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What Marketing From 100 Years Ago Can Teach Us Today

Every manager in every company throughout the world has a different viewpoint on marketing. However, they tend to fall into two categories, the first believes that marketing is a benefit to their organisation and the second group believes that it is a cost only and is there to make things “look pretty”. Despite numerous historical failings, when times get tough financially it is usually the second group that is heard the loudest. So it is little surprise that as the cost-of-living crisis deepens, the calls to cut marketing increase. What is surprising though is the source of the most outspoken voices, the UK Government. And how are they going to spread the word?… BY MARKETING?!

No Really. In response to the cost of living crisis, the government is set to launch a campaign aimed at getting businesses to divert marketing spending into cutting prices.

The marketing campaign which will begin early this month (July), will seek to “amplify and channel” the efforts of brands looking to curb rising costs, encouraging other companies to follow suit, the BBC reports. It is thought businesses which agree to introduce cost-cutting measures will be able to add the campaign name and logo to their branding. The yet-to-be-announced slogan looks likely to promote a message of helping out in tough times, cutting prices for consumers using money brands “would otherwise use on marketing.”

Kellogg’s vs Post: Cereal Wars

Or how your business can come out of the cost of living crisis on top.

Across businesses, the first 2-3 months of the New Year are consistently difficult periods to attract new customers. Except for a few industries that thrive, it is largely down to the fact that consumers have spent their available disposable income over Christmas and New Year. However, pulling back on your marketing budget is possibly the worst thing a company can do, and why I want to motivate businesses by sharing a story with you.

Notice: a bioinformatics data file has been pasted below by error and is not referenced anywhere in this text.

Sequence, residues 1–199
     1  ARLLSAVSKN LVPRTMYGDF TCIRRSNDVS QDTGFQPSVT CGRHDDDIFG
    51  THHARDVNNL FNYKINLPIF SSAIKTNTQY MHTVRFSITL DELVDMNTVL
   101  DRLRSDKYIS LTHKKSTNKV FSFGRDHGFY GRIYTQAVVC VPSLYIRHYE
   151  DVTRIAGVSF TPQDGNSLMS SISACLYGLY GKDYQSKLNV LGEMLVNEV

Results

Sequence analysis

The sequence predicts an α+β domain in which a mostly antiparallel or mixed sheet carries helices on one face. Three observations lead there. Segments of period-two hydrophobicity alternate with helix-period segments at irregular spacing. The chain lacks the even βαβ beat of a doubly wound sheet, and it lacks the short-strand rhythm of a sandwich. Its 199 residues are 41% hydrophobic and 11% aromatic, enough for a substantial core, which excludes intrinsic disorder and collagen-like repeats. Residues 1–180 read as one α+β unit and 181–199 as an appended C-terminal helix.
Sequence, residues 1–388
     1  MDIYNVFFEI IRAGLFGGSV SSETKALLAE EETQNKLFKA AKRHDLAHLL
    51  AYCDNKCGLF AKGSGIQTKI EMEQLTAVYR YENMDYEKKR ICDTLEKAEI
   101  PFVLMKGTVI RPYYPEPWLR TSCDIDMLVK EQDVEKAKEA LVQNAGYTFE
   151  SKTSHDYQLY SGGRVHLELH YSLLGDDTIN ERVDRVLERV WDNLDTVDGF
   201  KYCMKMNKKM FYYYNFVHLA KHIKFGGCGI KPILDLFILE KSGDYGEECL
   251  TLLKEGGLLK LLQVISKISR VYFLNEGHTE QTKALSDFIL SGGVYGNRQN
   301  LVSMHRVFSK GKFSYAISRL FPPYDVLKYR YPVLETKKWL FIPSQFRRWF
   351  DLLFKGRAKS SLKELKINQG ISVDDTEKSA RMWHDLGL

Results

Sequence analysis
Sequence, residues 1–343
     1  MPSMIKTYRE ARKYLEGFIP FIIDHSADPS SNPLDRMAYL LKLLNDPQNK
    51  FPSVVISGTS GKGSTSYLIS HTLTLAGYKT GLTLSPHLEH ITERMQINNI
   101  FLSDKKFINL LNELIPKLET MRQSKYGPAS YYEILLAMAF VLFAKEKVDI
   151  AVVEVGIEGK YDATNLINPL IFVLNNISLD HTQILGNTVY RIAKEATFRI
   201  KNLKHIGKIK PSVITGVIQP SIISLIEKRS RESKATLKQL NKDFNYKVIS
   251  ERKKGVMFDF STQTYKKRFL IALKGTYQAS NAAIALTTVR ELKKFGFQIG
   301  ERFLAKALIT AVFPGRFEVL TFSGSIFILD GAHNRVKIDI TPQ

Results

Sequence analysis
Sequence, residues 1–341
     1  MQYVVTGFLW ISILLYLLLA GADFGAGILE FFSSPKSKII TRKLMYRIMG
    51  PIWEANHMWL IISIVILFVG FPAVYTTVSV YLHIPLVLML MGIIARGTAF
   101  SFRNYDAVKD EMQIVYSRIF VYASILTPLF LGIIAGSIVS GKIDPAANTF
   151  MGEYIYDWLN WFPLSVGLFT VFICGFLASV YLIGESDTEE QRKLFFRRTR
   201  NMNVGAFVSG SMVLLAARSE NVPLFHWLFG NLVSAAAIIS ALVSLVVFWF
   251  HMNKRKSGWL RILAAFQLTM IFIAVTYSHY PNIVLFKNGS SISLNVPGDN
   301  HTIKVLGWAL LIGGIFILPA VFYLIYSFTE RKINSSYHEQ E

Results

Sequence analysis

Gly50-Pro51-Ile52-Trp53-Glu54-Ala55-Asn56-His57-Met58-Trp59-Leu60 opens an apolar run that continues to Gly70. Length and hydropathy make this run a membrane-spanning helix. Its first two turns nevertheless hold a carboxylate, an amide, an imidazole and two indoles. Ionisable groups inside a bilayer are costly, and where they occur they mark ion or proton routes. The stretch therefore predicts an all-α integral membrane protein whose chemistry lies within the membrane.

In the late 1920’s, two companies—Kellogg’s and Post— were the dominant brands in the packaged cereal market. While it was still a relatively new market, ready-to-eat cereal itself had been around for decades, but Americans hadn’t seen it as a feasible alternative to oatmeal or cream of wheat until the Roarin’ 20s. So, when the Great Depression hit in 1929, no one knew what was going to happen to consumer demand, particularly within such a newly established market. Despite the belief of founder C.W. Post that advertising and aggressive marketing were the keys to a successful enterprise, his death prior to the Great Depression meant that Post did the predictable thing: It reined in expenses and cut back on advertising.

On the other end of the scale, their competitor Kelloggs doubled its ad budget, moved aggressively into radio advertising, and heavily pushed its new cereal, Rice Krispies fronted by the now iconic trio of Snap, Crackle, and Pop. This meant that by 1933, even as the economy cratered, Kellogg’s profits had risen by almost 30 percent in four years and it had become what it remains today: The industry’s dominant player.

This is, perhaps, one of the most telling reasons why it is imperative to maintain your branding presence to stay on top of the food chain – literally. Kelloggs during this time bucked the trend where businesses struggled to stay open – let alone had the budget to market their products to people who largely did not have the money to buy them.

And while this is a condensed version of an important lesson taught in marketing classes around the globe, but tells a true tale of why maintaining your brand through various marketing initiatives is imperative, and why pulling back on your budget when times are hard, could actually mean never regaining that presence again, no matter how hard you try.

Are you looking to make the most of your marketing efforts? Get in touch with me for more information or click here.

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